4. and 5. From here, our Sydney hop on hop off tour moves onwards to the Australian Museum, on College Street, as well as to 100 William Street (on both these stops you can interchange to the Sydney Route).
6. The sightseeing bus drives from here to Oxford Street and Paddington Town Hall, which was built in the late 19th century and features a distinctive example of European architecture in Sydney.
7. Our next stop is on Campbell Parade, right next to Sydney's world-known Bondi Beach, where you can have a suntan or relax at one of the numerous seafront cafés and just enjoy the view…
8. Next in line is the corner of Campbell Parade and Brighton Boulevard, just a short drive away, which is right near the stretch of North Bondi Beach: Another nice and sandy beach, with plenty of restaurants and cafés.
9. Our Sydney hop on hop off bus drives onwards, to New South Head Road, in Rose Bay: A quiet seaside suburb with a nice and relatively serene beach, from where you can get a lovely view of the city and its harbor.
That's it… The sightseeing bus stops in Double Bay, before proceeding to the Australian Museum, where you can interchange with the Sydney Route and continue exploring the city…
Stop 1 Circular Quay.
Stop 2 Wynyard
Stop 3 Queen Victoria Building
Stop 4 Town Hall
Stop 5 Cook and Phillip
Stop 6 William Street
Stop 7 Kings Cross
Stop 8 El Almein Fountain
Stop 9 Woolloomooloo
Stop 10 Opera House
Stop 11 Botanic Gardens
Stop 12 Parliament House
Stop13 Hyde Park North
Stop 14 Australian Museum
Stop 15 Central Station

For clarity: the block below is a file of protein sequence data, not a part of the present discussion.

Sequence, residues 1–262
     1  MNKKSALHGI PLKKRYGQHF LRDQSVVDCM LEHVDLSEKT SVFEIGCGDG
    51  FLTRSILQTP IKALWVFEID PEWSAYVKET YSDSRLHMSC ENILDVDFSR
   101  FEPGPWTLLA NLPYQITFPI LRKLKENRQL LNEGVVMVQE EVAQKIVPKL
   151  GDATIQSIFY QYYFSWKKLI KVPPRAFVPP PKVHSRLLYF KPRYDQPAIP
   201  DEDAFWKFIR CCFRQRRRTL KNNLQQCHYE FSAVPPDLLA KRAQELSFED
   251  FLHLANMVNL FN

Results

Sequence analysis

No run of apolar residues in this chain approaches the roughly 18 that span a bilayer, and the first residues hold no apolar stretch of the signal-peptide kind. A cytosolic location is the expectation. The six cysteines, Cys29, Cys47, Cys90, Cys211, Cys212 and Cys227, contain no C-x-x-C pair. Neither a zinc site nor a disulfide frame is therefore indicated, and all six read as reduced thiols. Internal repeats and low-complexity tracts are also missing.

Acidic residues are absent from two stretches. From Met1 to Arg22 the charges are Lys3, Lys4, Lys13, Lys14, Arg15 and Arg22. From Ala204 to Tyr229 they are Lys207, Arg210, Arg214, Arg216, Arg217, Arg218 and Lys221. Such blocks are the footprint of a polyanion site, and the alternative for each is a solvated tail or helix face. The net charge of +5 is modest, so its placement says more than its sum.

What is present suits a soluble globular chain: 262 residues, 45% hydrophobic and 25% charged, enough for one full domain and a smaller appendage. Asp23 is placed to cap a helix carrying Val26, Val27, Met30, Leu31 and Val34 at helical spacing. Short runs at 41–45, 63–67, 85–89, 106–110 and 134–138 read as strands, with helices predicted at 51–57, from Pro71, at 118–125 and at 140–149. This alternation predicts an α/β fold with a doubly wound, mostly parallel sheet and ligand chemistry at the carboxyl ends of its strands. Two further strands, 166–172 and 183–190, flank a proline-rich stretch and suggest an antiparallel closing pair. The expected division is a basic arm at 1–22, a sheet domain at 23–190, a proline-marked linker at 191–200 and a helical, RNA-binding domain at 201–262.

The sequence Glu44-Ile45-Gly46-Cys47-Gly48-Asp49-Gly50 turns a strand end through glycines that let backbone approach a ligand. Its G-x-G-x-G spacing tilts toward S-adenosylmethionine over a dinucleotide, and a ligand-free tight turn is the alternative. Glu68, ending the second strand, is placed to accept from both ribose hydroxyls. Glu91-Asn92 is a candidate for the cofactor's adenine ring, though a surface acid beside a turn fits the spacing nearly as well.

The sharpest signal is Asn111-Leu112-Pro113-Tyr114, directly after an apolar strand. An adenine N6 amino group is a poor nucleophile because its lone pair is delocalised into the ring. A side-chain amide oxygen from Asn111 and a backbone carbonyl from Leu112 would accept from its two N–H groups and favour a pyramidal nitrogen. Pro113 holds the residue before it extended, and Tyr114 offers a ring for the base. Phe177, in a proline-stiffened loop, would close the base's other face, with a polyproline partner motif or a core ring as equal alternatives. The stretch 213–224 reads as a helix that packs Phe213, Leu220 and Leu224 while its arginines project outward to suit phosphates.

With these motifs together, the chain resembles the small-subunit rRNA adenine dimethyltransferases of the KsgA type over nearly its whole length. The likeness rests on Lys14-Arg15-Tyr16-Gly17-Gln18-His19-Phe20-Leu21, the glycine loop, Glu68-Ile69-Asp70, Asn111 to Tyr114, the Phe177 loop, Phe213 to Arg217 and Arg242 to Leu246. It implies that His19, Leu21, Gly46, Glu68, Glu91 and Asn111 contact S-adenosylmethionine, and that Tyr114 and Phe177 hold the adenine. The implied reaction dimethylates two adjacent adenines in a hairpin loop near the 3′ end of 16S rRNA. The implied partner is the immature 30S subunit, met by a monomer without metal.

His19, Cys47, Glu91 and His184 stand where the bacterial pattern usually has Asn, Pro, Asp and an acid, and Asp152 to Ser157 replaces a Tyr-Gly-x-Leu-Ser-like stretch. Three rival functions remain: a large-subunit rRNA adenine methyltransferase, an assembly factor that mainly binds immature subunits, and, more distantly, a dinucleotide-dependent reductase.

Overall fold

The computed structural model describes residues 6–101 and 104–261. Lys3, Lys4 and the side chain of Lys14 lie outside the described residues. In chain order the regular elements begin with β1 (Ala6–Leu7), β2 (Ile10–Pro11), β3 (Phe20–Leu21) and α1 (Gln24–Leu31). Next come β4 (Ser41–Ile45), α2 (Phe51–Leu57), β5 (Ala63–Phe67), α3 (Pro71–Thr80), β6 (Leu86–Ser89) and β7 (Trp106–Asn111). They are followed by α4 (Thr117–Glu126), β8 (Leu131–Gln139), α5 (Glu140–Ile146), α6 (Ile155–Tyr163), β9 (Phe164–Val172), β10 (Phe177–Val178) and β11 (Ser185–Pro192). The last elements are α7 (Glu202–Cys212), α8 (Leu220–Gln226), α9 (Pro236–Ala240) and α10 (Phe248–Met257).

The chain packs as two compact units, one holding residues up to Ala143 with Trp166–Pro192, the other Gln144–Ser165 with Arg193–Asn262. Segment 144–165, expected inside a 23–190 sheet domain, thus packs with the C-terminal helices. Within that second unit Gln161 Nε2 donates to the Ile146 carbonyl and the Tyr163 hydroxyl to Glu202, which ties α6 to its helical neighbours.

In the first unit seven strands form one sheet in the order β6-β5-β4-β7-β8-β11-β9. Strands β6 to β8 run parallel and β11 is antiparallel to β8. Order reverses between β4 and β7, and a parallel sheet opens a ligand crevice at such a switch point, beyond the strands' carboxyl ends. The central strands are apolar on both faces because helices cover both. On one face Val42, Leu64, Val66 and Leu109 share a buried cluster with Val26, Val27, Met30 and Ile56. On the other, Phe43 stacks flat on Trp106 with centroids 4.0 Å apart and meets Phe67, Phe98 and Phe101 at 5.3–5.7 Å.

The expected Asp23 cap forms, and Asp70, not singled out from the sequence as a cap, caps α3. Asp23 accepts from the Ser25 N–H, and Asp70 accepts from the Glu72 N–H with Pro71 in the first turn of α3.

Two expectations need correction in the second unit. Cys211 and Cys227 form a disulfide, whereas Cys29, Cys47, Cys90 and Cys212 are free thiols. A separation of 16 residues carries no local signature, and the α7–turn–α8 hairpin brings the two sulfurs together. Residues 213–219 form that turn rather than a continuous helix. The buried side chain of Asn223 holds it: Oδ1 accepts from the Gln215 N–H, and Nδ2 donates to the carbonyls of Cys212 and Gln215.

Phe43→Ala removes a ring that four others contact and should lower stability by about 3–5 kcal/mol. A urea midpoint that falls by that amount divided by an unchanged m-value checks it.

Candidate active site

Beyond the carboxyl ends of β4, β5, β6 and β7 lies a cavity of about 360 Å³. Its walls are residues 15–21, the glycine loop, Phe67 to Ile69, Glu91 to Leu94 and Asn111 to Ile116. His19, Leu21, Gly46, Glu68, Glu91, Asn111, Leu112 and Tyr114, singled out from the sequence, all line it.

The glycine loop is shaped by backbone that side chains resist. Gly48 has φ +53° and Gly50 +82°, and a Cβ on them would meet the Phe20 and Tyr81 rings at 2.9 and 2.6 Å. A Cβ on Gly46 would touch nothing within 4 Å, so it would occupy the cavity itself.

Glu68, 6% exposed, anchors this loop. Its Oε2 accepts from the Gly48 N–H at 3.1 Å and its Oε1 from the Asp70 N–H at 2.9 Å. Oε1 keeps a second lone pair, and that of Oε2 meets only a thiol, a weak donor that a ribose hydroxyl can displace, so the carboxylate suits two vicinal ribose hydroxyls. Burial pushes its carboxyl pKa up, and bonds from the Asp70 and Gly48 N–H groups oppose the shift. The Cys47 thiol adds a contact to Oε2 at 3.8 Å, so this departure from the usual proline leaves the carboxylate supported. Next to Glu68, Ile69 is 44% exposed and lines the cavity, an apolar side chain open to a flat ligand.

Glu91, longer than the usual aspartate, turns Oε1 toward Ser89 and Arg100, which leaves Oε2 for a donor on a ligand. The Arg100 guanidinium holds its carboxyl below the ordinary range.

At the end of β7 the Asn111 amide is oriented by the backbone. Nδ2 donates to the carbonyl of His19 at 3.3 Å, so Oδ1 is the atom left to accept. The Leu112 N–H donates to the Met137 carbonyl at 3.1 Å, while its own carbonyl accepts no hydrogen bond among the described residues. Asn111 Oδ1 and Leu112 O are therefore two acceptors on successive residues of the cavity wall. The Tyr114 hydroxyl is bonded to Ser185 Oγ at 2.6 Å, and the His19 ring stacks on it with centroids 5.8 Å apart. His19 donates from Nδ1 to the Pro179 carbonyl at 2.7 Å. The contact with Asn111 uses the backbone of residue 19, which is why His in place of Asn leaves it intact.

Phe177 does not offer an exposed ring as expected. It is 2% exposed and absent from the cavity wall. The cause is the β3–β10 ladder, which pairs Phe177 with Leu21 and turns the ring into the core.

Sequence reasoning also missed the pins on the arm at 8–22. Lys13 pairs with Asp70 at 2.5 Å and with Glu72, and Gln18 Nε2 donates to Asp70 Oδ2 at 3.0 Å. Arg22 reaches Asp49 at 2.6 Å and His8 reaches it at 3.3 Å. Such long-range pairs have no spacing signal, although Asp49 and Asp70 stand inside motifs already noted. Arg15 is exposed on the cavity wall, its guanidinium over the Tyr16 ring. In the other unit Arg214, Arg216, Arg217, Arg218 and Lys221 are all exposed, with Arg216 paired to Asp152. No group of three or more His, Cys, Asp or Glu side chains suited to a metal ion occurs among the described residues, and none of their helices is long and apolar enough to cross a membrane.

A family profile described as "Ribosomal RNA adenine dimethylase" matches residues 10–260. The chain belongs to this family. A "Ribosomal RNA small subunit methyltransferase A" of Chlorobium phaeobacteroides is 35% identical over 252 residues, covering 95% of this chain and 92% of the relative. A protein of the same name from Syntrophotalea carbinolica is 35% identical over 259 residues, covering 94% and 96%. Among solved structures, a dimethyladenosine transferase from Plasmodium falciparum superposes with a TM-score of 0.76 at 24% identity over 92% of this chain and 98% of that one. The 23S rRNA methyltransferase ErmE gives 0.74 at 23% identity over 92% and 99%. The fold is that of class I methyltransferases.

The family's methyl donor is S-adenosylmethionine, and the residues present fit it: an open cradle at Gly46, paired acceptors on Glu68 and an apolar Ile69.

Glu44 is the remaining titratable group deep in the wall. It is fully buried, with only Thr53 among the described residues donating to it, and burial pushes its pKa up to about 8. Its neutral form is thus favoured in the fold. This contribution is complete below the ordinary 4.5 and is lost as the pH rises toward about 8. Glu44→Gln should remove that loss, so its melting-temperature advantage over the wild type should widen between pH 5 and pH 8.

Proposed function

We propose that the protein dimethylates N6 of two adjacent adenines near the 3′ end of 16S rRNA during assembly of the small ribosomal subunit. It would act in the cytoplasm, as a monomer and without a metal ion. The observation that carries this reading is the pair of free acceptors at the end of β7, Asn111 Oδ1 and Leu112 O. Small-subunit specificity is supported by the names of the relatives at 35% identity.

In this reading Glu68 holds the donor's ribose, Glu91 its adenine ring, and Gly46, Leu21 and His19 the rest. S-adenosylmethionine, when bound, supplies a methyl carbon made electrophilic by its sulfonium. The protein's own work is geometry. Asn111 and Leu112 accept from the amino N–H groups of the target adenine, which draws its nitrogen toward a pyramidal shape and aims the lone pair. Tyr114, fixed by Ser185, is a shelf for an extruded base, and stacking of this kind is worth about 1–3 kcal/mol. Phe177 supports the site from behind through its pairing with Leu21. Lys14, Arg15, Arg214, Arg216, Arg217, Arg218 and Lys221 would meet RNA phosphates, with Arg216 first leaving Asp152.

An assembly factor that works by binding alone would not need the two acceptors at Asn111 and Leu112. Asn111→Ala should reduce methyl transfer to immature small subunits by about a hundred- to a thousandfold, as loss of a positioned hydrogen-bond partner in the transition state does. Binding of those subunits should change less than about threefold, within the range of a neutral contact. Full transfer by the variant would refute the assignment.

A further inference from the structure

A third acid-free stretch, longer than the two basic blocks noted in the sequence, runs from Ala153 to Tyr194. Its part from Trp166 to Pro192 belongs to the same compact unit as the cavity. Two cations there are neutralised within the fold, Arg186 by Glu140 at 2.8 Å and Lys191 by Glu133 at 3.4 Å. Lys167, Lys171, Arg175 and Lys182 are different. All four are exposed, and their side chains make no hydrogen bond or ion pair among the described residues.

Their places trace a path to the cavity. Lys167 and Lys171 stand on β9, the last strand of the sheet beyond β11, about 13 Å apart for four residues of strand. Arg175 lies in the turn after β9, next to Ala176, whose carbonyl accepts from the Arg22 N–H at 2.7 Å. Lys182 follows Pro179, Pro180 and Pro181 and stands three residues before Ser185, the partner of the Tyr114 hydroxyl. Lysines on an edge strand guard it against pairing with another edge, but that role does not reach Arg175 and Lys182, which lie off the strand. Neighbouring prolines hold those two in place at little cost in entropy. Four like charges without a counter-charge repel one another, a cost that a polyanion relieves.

Stop 16 Power House Museum
Stop 17 Fish Markets
Stop 18 The Star
Stop 19 Maritime Museum
Stop 20 Convention Centre/ Hard Rock Café
Stop 21 Imax
Stop 22 Aquarium
Stop 23 King Street Wharf
Stop 23a Overseas Passenger Terminal
Stop 24 Campbell's Cove
Stop 25 The Rocks
Stop 26 Circular Quay
Bondi & Bays Route
Stop A Central Station
Stop B Chinatown
Stop C Park Street
Stop D Cook and Phillip
Stop E William Street
Stop F Paddington
Stop G Bondi Beach
Stop H North Bondi
Stop I Rose Bay
Stop J Double Bay
Stop K Australian Museum
Did you know ??? Taking a hop on hop off bus tour is one the best ways to see any large city, as it saves you plenty of precious holiday time and takes you EXACTLY where you want to go... (Not to mention the great cityscape views you can enjoy on the way...). Our "Hop on hop off guides" cover quite a few cities across the world, including Melbourne, Auckland, Wellington, Singapore, Hong Kong, Kuala Lumpur, Shanghai and many other destinations..... (Click on the links to go directly to the city-guide of your choice, or click here to go directly to our world hop-on, hop-off guide).
Map of the "Sydney Route"
View "The Sydney Route" in a larger map
Map of the "Bondi & Bays Route"
View The "Bondi & Bays Route" in a larger map